40-year-old unborn child found in 82-year-old Colombian woman?
Incident is case of 'stone babies,' a rare occurrence where baby fails to come to term
Life is full of surprises. An 82-year-old woman in Colombia had long complained of stomach ailments, and doctors had initially diagnosed her condition as gastroenteritis. A further examination of the woman at the Tunjuelito Hospital in Bogota found something even more amazing: the woman carried an unborn 40-year-old fetus within her. It was a rare case of a "stone baby," a very rare medical condition with only 300 documented cases ever recorded.
When an abdominal fetus dies in rare instances, the mother's body calcifies it in order to protect the rest of the body from infection.
"When you get old cartilage in the knee, it calcifies," Dr. Kim Garcsi, who directs the OB/GYN clerkship program at University Hospitals Case Medical Center in Cleveland, said . The calcification of the tissue protects the mother from infection, but also means the "stone" baby can remain in the abdomen undetected for decades.
"Most of the time people find these and [sometimes] even after they're found and don't do anything about it because they're totally asymptomatic," said Garcsi.
When an abdominal fetus dies in rare instances, the mother's body calcifies it in order to protect the rest of the body from infection. The chances of abdominal pregnancy are estimated at one in every 11,000, and lithopedic pregnancies account for less than two percent of these.
The Colombian woman will no wave surgery to have the mass removed. The earliest reported case of a "stone baby" on record happened in France in 1582. Doctors at that time discovered during an autopsy of a 68-year-old woman that she had carried a fetus for an estimated 28 years.
Women carrying a lithopedion often remain unaware unless a complication emerges. The Colombian physicians announced the most recent finding on December 9.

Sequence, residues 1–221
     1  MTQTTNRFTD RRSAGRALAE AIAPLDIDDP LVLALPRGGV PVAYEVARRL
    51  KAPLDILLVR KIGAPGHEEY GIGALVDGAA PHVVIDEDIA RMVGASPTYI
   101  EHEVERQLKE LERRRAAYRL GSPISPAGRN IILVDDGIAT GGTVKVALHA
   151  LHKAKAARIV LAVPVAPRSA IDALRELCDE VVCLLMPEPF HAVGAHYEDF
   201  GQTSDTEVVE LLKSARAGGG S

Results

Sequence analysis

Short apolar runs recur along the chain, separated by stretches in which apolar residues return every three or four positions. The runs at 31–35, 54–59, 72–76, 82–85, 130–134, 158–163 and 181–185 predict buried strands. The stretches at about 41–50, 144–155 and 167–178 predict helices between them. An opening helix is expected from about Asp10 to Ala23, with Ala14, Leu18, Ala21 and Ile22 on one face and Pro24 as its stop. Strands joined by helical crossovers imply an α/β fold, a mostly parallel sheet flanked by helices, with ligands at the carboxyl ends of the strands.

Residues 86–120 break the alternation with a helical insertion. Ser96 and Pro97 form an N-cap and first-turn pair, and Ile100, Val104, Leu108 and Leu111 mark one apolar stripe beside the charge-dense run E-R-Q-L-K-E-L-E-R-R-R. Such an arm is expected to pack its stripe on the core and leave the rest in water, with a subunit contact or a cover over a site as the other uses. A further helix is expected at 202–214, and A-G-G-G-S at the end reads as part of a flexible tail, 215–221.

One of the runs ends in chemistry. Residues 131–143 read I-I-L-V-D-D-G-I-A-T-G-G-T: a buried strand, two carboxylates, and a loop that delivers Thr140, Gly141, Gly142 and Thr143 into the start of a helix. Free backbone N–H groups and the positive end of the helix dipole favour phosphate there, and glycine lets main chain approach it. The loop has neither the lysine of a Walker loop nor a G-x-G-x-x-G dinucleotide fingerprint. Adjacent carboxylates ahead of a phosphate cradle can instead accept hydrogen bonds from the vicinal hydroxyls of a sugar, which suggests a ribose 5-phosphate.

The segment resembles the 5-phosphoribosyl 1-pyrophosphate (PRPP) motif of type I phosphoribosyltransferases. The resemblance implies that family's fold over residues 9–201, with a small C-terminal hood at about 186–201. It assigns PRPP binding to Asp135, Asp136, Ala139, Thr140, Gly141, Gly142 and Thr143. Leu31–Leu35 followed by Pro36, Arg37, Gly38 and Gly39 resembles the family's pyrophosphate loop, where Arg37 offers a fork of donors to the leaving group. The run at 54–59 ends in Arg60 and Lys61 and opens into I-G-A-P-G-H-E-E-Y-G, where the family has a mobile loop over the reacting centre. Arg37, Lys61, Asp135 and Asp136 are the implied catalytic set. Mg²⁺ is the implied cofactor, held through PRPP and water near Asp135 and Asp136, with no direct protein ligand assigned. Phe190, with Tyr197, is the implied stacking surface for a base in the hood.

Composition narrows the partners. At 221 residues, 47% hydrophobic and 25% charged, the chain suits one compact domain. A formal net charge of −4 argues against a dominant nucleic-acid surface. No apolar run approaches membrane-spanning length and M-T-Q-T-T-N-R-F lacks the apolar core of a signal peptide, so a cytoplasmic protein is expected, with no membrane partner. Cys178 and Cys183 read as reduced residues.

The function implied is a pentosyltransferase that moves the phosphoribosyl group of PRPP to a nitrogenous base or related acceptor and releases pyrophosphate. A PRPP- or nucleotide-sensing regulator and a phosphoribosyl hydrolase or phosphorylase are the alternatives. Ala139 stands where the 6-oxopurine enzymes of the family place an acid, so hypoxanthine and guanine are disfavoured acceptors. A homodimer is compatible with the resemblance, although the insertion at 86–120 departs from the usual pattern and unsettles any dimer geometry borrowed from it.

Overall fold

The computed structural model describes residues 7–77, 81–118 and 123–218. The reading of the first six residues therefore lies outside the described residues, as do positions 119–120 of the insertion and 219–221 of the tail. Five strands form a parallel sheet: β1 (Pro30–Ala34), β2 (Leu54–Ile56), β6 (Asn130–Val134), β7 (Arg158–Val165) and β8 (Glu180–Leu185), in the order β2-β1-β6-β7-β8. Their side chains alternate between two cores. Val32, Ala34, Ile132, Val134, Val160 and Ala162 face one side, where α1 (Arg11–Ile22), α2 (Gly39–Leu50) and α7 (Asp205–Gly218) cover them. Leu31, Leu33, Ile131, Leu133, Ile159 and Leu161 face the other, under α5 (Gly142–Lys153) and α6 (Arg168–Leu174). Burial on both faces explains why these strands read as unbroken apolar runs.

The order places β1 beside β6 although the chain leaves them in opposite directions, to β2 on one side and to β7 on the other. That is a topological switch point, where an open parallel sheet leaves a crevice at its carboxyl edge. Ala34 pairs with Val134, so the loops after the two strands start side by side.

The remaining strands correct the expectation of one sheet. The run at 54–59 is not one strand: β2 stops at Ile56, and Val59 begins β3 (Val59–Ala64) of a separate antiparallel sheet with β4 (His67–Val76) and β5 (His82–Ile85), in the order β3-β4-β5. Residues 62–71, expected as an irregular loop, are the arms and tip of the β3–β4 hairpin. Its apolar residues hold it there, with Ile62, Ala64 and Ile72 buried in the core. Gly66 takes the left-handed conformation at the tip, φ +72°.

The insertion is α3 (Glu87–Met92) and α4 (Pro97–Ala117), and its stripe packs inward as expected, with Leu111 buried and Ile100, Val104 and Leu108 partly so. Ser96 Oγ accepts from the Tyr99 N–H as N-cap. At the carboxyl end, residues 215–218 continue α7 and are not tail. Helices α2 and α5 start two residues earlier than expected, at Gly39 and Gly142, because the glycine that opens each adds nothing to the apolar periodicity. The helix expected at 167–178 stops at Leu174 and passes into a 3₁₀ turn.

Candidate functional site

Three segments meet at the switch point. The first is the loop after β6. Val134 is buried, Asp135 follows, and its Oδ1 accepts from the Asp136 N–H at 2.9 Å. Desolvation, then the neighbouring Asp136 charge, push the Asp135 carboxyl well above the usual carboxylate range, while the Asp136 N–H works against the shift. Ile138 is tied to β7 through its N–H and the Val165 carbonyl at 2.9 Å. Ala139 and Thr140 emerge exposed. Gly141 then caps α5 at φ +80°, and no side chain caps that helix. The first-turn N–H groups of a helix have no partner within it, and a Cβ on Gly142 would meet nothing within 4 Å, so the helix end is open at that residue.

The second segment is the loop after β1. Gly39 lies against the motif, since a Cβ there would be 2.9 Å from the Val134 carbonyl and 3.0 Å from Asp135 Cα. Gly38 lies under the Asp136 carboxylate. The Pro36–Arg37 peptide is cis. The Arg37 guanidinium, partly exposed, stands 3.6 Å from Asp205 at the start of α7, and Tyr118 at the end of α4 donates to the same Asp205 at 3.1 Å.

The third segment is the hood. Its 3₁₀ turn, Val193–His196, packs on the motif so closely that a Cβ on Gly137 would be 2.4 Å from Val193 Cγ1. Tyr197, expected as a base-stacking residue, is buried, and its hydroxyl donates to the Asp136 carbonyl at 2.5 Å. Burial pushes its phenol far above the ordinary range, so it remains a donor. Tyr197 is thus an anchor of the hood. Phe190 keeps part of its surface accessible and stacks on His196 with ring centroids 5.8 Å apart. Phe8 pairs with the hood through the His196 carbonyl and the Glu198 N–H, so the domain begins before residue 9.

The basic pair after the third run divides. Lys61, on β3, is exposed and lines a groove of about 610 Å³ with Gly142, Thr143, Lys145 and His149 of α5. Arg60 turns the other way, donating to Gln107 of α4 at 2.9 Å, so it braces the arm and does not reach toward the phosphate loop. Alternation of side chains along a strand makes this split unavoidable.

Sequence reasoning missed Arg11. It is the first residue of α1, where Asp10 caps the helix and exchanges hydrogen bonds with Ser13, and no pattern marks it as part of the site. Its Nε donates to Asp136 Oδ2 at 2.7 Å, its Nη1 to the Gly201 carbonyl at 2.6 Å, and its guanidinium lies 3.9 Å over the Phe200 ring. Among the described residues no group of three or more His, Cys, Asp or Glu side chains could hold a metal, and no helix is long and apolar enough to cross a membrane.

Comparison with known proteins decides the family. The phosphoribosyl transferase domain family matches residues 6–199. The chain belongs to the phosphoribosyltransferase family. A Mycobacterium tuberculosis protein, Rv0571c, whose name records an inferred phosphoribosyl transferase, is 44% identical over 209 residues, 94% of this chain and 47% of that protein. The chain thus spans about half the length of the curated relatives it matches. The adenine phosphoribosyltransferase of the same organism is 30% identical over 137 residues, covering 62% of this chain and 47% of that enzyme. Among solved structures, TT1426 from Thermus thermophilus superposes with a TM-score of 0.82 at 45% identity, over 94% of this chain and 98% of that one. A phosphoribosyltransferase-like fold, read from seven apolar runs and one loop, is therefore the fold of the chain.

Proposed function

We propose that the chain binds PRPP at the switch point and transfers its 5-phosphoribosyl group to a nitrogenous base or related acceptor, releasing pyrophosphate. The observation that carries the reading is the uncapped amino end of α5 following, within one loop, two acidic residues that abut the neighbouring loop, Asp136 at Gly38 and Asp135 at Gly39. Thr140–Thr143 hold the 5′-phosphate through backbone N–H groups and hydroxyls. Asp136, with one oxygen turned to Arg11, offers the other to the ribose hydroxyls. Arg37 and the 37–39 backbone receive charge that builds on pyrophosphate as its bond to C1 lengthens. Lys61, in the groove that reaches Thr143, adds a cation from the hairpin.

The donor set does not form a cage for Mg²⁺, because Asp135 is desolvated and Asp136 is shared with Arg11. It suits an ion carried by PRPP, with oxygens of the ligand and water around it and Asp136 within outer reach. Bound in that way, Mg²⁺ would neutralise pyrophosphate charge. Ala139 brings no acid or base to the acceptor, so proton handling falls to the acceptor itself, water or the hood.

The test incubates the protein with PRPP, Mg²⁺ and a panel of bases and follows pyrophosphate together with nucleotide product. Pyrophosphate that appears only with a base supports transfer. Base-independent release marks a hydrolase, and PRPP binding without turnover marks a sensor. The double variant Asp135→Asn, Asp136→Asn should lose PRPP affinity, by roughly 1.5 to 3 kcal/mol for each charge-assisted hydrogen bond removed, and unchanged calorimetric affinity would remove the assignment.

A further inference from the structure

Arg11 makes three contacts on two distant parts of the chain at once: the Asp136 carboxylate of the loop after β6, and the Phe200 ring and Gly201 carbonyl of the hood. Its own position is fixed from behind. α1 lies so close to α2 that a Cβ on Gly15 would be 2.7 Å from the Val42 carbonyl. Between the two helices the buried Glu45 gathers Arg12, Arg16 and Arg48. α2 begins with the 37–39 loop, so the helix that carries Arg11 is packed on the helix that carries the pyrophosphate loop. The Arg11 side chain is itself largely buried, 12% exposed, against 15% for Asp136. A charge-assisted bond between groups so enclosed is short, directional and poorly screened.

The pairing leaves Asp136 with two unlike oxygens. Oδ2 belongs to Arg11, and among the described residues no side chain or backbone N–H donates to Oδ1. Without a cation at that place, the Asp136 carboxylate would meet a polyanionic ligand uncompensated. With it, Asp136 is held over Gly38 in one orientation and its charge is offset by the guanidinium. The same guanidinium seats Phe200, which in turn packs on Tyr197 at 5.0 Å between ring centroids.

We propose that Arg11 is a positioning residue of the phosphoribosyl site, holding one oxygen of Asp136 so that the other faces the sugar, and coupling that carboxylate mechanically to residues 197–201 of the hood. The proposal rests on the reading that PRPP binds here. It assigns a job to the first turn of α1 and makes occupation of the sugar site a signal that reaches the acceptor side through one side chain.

© 2014 - Distributed by THE NEWS CONSORTIUM
Pope Francis Prayer Intentions for March 2014
Respect for Women: That all cultures may respect the rights and dignity of women.
Vocations: That many young people may accept the Lordís invitation to consecrate their lives to proclaiming the Gospel.
Rate This Article
Leave a Comment
More Americas News
- Denouncing the nation of Panama as a 'lackey,' Venezuela severs diplomatic ties
- Coin found by treasure hunter confirms long disputed historical fact
- Starbucks watch out! Crops, jobs and wages in Central America tumble due to coffee bean disease
- Bolivia Changes Law on Abortion: More Children at Risk
- Tunnel network couldn't save 'el Chapo' from being brought to justice
- Venezuelan president seeks high-level talks with Obama
- World's most wanted drug lord 'El Chapo' finally arrested
- Our Lady of Guadalupe: The Woman Who Casts a Shadow
- Worth more than money: Vatican blocks 'deconsecration' of historic Catholic church
- Fr. Paul Schenck: Finding Living Faith on Catechetical Sunday
- The Movie Yellow: Incest as 'Normal' and Cassavates's Slides Into the World of Woes
- The Chicago School Teachers Strike Reveals the Need For School Choice
- The Sexual Barbarians and the Dissolution of Culture
- The Happy Priest Challenges Us to Ask: Who is Jesus to Me?
- Michael Coren on Canadian Public Schools: Teachers, leave those kids alone
- We Cannot Ignore Our Consciences: Cardinal Dolan On Religious Liberty
- In the Face of Danger, Successor of Peter Travels to Lebanon as a Messenger of Peace
- Reflections on the Dignity and Vocation of Women: Who or What?